Diagnosing Breast Cancer: What You Need to Know About Invasive and Non-Invasive Techniques

Survival is highest when breast cancer is diagnosed and treated at an early stage. Several imaging modalities may be used to do so. The American Cancer Society recommends the following for breast cancer screening:[1]

  • Age 20 and above: monthly breast self–exam and yearly clinical breast exams (CBE) by a physician
  • Age 35 – 39: A baseline mammogram should be done during this time along with a yearly CBE
  • Ages 40-49: Mammogram every 1-2 years and yearly CBE
  • Ages 50 and above: Yearly mammogram and CBE

Some say that a tumor must be at least 1 cm to be palpable, or felt on physical exam. As a result, CBE can miss some breast cancers, which give further importance to the imaging adjuncts listed below.



A mammogram is a special kind of X-ray that is taken as the breast is compressed between two plates, spreading out the tissue to evaluate its structure. Mammography can detect cysts, masses and calcifications. However, some studies show that mammography may miss up to 35% of cancer diagnoses.[2] This is most often in dense breast tissue which may require other types of imaging to make a diagnosis.


Ultrasound is a non-invasive modality that does not use radiation. High frequency sound waves are sent through a probe, which is placed on the skin with a thin layer of gel that acts as a medium through which the sound waves travel. As the sound waves deflect off of different types of tissue, an image is created on a monitor. Different types of tissues have varying densities which changes the way sound waves deflect, allowing the technician to determine characteristics about the tissue.  [3] This is similar to sonar technology used by submarines to determine their location and presence of other objects under the water.


MRI is also non-invasive and does not use radiation, but high-powered magnets that spin rapidly in a circular motion. Different tissues have variable amounts of water in them and MRI detects the hydrogen molecules in tissue and projects this information onto a monitor. The result is a 3-D image that clearly defines types of tissue. Not everyone can have an MRI and although useful, its function in breast cancer screening is yet to be clearly defined.[4] It is particularly useful when evaluating the contralateral breast for cancer when it has already been diagnosed on one side.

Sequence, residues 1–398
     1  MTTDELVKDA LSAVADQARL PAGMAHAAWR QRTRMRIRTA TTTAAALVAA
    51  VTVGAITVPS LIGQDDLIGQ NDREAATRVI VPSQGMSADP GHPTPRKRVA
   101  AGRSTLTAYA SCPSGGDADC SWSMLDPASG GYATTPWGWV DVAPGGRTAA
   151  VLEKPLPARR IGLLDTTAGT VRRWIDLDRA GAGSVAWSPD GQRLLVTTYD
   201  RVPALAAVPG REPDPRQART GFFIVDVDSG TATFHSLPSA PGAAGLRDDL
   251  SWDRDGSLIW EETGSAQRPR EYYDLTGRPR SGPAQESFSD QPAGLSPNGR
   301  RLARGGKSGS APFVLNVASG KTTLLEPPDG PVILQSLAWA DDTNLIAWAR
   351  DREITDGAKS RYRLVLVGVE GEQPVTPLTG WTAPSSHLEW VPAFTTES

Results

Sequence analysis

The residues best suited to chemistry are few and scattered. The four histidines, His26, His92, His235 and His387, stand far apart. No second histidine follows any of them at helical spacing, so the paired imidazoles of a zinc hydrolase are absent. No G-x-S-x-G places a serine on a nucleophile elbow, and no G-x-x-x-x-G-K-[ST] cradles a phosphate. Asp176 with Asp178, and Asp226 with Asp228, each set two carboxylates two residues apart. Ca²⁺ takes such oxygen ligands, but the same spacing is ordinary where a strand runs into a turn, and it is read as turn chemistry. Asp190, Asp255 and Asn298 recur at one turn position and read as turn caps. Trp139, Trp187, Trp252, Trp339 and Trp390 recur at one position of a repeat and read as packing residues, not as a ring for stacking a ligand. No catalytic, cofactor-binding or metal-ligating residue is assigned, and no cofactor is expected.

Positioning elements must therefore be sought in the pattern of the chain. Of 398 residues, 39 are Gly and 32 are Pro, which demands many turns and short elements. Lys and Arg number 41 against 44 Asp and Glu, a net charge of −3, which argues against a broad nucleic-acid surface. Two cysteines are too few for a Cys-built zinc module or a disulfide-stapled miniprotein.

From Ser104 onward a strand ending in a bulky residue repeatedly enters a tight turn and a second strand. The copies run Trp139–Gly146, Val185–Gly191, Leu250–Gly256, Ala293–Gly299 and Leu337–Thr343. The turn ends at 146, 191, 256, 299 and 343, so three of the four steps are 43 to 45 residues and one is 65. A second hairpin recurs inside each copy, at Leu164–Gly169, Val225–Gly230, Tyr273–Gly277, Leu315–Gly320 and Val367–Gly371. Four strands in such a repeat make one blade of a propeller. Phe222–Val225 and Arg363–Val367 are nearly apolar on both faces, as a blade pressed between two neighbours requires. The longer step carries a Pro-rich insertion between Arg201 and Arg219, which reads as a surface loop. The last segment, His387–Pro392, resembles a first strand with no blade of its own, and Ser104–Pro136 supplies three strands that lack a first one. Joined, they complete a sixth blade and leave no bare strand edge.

When imaging has failed to prove or disprove that cancer is present or when cancer is highly suspicious, a biopsy can be done. A piece of tissue is taken and a pathologist puts the tissue on glass slides and looks at it under a microscope to evaluate for the presence of cancer.


With so many diagnostic techniques available, why is breast cancer still the second leading cause of cancer-related death in women? The answer is not clear, but we have seen a steady decline in the incidence and mortality of breast cancer since the importance of screening has been illuminated.

1 Ibid

2  Jame Abraham, C. D. (2008). Role of MRI in Screening Diagnosis and Management of Breast Cancer. Anticancer Therapy , 811.

3  Andrew H. Ko, M. M. (2002). Everyone’s Guide to Cancer Therapy. Kansas City: Andrews McMeel Publishing.

4 Andrew H. Ko, M. M. (2002). Everyone’s Guide to Cancer Therapy. Kansas City: Andrews McMeel Publishing.

This article was originally published on July 27,2012 and last revision and update of it was 9/2/2015.